Safeway Inc. intends to build eight stores in Hawaii within the next three years, while Walgreens Inc. has as many as nine island projects in the works.
The developments are part of a larger trend of investments by self-financed national retail chains that are expected to change Hawaii’s retail landscape.
"In the next couple years, the most active shopping center developers in Hawaii will be retailers," said Mark Bratton, president of Bratton Realty Advisers Ltd. "When you go buy a gallon of milk, they’re going to put it into real estate."
Safeway is planning stores in Laulani Village in Ewa Beach; Kauai’s Hokulei Village in Lihue; the Big Island’s Lanihau Marketplace in Kailua-Kona; and Maka’ala Center in Hilo. Safeway had previously said it was redeveloping the former Schuman Carriage Motors Inc. automobile dealership site on Beretania Street and closing its old location across the street.
In addition, the Pleasanton, Calif.-based supermarket chain is reviewing three more potential shopping center development sites, including two on Maui and one on Oahu, ranging from 10 to 27 acres, according to Safeway’s broker, Wendell Brooks III. The chain has about 1,800 locations nationwide, including 19 stores in Hawaii.
The company recently acquired a long-term ground lease from the state Department of Hawaiian Home Lands to build a shopping center on about 24 acres in Hilo that will not be anchored by a Safeway store. That project, to be called Hualani Point, is expected to open in 2012.
Property Development Centers, Safeway’s wholly owned real estate development subsidiary, has contracts to purchase land for most of the new locations, according to Jon Anderson, Property Development’s vice president of leasing.
"Right now the strategy is just to build it and hold it," he said. "If there’s enough land we’ll build a shopping center – Safeway has been doing that for 20 years. For us, if we have a grocery store, it’s beneficial to have other goods and services as a convenience to serve the neighborhood."
Safeway is completing an overhaul of its stores nationwide and is repositioning itself as a more upscale "lifestyle" concept with diversified products including organic produce, sushi bars and a variety of prepared carry-out foods.
Meanwhile, Walgreens also plans a rapid expansion over the next two years, with as many as nine Hawaii projects in the pipeline, Robert Roscoe, Walgreens divisional vice president of asset development, said yesterday.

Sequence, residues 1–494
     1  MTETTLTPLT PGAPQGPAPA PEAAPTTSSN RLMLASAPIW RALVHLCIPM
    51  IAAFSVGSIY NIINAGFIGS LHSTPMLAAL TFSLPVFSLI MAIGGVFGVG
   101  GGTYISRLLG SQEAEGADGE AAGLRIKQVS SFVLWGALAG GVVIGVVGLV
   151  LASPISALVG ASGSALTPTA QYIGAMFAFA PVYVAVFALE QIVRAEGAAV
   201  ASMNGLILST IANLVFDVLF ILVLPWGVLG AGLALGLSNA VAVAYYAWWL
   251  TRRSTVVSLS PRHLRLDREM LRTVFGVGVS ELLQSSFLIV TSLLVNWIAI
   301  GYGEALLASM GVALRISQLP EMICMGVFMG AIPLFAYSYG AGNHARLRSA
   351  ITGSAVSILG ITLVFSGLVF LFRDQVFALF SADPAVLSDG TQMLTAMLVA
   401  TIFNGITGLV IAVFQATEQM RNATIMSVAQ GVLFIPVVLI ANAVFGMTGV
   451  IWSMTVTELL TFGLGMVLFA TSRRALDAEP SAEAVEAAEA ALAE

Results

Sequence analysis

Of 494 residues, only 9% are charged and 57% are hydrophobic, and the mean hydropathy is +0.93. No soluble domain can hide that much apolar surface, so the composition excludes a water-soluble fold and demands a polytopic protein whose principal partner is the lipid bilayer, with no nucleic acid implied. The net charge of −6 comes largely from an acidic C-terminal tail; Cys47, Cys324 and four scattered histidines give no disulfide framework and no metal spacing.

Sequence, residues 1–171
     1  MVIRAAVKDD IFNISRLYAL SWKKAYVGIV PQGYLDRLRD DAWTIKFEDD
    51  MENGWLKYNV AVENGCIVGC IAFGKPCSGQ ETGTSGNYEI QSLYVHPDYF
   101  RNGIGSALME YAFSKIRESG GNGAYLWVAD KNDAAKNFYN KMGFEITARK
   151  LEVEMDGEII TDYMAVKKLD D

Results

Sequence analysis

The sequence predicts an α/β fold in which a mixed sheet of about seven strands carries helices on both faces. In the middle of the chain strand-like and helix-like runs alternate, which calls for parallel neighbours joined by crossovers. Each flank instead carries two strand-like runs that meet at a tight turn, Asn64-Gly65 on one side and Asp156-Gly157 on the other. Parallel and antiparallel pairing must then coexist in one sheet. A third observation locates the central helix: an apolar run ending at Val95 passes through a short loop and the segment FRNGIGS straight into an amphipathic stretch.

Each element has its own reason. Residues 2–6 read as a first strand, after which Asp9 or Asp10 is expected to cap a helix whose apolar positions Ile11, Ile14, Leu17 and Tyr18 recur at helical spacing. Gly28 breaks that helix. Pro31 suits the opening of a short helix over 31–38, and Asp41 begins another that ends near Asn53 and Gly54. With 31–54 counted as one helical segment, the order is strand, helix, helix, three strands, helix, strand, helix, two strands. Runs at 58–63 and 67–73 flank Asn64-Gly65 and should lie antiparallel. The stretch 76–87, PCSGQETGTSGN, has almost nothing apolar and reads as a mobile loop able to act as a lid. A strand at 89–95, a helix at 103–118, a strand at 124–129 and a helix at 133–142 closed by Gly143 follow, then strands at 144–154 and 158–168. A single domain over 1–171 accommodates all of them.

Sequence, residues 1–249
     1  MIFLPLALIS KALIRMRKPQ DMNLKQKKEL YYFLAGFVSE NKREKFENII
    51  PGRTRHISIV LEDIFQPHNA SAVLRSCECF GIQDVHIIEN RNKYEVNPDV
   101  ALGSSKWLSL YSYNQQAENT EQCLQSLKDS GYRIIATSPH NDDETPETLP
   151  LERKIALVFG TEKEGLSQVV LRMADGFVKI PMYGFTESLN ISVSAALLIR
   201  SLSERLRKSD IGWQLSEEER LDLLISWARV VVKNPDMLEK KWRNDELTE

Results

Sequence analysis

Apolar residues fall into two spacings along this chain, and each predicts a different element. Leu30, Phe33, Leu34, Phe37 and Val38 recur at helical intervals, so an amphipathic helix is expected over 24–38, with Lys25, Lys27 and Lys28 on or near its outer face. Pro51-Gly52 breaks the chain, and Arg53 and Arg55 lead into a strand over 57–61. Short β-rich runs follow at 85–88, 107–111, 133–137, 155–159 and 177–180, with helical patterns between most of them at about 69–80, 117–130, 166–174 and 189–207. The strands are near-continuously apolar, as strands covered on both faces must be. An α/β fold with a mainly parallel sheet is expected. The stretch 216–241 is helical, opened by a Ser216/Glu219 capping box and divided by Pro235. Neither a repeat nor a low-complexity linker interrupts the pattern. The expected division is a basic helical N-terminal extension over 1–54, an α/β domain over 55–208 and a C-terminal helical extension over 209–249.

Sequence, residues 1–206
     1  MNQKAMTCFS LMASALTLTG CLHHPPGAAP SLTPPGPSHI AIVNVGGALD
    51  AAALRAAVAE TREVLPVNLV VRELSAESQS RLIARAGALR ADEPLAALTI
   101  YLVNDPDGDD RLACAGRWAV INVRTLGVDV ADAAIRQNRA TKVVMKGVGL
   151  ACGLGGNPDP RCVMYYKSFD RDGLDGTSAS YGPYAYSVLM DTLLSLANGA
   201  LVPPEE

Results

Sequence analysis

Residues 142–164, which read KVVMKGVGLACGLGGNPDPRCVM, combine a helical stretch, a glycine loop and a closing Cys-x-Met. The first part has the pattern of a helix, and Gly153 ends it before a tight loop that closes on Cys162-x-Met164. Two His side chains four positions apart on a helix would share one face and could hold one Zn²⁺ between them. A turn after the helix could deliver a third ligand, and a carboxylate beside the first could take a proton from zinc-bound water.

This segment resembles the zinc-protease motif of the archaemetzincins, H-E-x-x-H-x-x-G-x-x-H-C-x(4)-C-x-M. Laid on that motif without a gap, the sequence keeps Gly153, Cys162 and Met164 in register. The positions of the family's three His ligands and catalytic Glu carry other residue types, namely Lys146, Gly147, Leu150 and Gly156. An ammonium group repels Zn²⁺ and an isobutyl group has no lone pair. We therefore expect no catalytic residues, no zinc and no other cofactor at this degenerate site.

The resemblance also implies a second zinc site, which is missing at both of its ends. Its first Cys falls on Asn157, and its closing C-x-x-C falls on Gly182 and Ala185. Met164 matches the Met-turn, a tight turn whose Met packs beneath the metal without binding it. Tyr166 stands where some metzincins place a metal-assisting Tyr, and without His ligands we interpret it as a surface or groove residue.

Aside from developing its Nuuanu Shopping Center site, the Deerfield, Ill.-based drugstore chain expects to develop a store in Kapolei, as well as locations in Lihue on Kauai and Hilo and Kona on the Big Island. It is also considering four additional locations in Honolulu, which Roscoe declined to disclose. Walgreens has 7,800 stores nationwide, including a dozen in Hawaii.
As part of its long-term investments in Hawaii, Walgreens intends to redevelop its flagship store and adjacent office building on Kapiolani Boulevard within the next few years, he added.
In addition to Safeway and Walgreens, other major chains that are scouring the islands for possible new locations include Costco Wholesale Corp., Target Corp., Foodland Super Market Ltd., Longs Drugs Stores and Lowe’s Cos., according to Bratton.
"We probably haven’t seen this (much new development) before because we’ve always been so underretailed. As shoppers we’re the starving children," said Tony Mizuno, Bank of Hawaii’s senior vice president for commercial real estate, who participated in a panel discussion yesterday at the International Council of Shopping Centers conference. "Retailers have their own money. In the olden days when you think about it, Safeway didn’t build their own shopping centers because they didn’t have the $50 million to spend on building. They would let somebody else do it. Now they have their own capital. They’re very well capitalized and they know what they want."